Headlines Tell the Story of Lebanon’s Economic Decline
A review of the headlines in the latest Byblos Bank report produced by its Economic Research & Analysis Department provides a quick overview of the erosion in Lebanon’s economy. For example, the quality of living index for select Arab cities measured this past month puts Lebanon in front of only Cairo and Casablanca, third from the bottom, having dropped 14.2% in the past two years. In cost of living, on the other hand, Beirut ranks second highest among Arab cities. While some may think that the fact that the currency in circulation is up 67% is good news, it only reflects the lack of dollars in the system as the Central Bank prints more liras while their value has diminished upwards of 80%. So it’s a smoke and mirrors of more is less.
Revenues through the port of Beirut are down 41% in the first four months of 2020, and the Central Bank (BDL) is preparing to support some 300 essential imported items by making dollars available for their purchase. Hotel room yields, that is, the profitability based on occupancy, is down some 86% in the first five months of this year, and real estate transactions, considered a safeguard against the falling lira, are up 24% in the first half of 2020.
These numbers and many more paint a picture of deterioration that complicates the steps needed for recovery. Remedies based on credible reforms are part of an interlocking web of increased revenues, decreased expenditures, accessible cash flow, sustainable credit lines, and institutional creditworthiness that is extremely difficult to prioritize, not to mention reducing corruption, increased transparency, and an independent judiciary!
Two areas of consensus are injecting more capital liquidity into the banking sector to help depositors and enable reliable transactions; and generating more funds for poverty relief and an adequate social safety net including reasonably priced and available foodstuffs and consumer items, funded in the short term through international donors. This would also include strategies to boost private sector growth to generate jobs.
In another sign of the times, the Syndicate of Private Hospital Owners are preparing to sue the government to receive the roughly $300 million in back payments approved by the Parliament three months ago. These reflect services provided to the Ministry of Public Health, the LAF, and ISF for 2019. Given the rising costs over the past year, the current rate does not cover the costs of hospitalization and the vanishing supplies of medicines and equipment which are 60-70% higher that the prices established by the rate-setting bodies. According to the owners, the current rate for an overnight stay including the room, food, and basic medicines and supplies is around $10 at today’s currency value. Given that most suppliers are only dealing in dollars, many of the supplies have been added to the CBL support list for critical imports. The Ministry of Finance gave the go-ahead for another $6 million in arrears to be paid to additional 2019 dues.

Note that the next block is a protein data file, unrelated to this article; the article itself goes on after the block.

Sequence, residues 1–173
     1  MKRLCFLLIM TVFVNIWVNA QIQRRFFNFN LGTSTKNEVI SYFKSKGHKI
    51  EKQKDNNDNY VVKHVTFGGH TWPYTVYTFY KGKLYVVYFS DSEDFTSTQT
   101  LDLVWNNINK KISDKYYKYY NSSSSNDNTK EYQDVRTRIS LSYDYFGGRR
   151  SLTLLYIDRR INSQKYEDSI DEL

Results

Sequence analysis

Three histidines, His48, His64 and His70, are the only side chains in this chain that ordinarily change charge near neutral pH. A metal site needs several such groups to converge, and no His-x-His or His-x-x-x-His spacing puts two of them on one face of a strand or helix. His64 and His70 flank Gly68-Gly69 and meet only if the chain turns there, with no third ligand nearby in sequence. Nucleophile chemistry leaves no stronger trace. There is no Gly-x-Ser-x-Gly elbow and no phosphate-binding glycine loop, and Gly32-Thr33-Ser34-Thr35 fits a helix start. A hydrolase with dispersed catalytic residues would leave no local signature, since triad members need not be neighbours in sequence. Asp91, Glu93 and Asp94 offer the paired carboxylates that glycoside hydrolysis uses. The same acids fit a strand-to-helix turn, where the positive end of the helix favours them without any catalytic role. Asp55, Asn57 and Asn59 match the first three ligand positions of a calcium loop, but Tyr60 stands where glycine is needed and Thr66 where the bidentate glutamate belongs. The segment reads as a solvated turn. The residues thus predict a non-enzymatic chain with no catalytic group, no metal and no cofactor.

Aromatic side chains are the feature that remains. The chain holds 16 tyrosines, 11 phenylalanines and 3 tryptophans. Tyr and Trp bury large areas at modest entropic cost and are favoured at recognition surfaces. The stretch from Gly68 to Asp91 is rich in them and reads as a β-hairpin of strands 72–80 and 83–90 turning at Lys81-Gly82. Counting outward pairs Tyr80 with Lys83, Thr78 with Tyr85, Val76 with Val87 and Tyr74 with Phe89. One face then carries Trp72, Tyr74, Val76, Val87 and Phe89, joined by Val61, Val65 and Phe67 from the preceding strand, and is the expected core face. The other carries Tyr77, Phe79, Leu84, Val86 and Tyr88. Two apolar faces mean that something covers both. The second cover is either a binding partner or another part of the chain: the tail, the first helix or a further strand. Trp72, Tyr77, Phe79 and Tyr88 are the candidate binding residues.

On the heels of a claim that bankers permitted upwards of $6 billion to leave the country since the demonstrations began in October while simultaneously refusing withdrawals by small and medium depositors, Bank of America critiqued the current state of the financial sector. It noted that fiscal revenues had decreased some 9.1% annually in the first four months of 2020 while spending was largely unchanged. It also estimated that the budget deficit would be some $800 million larger than that projected by the government. There is a mixed blessing expected from the opening of Beirut International Airport…more dollars into Lebanon with expats returning home, and emigration out for those who have alternatives outside of the country.
Finally, it is instructive to check the trade tally for the first five months of 2020. Almost all of Lebanon’s exports were down, except for a 20% rise in the exports of gold and jewelry, and a 37% rise in shipments of agricultural products. Switzerland took 92% of the exports of gold while Egypt absorbed 16.8%. Most of the agricultural exports went to the Gulf States.
So let’s look at these numbers through the eyes of the rapidly disappearing middle class Lebanese. People with large deposits in the banks are able to get their money out of the country since there are no formal restrictions at this time. Meanwhile, those with a middle class income can no longer withdraw funds to pay for their children’s schooling, their parents medications, or necessary consumer items. Gold is leaving the country legally. Agricultural goods are exported while Lebanese are going hungry. Now now that the lira is so cheap, the costs of vegetables and fruits are very attractive to overseas buyers who can pay more than the local consumers.
A very hot summer indeed.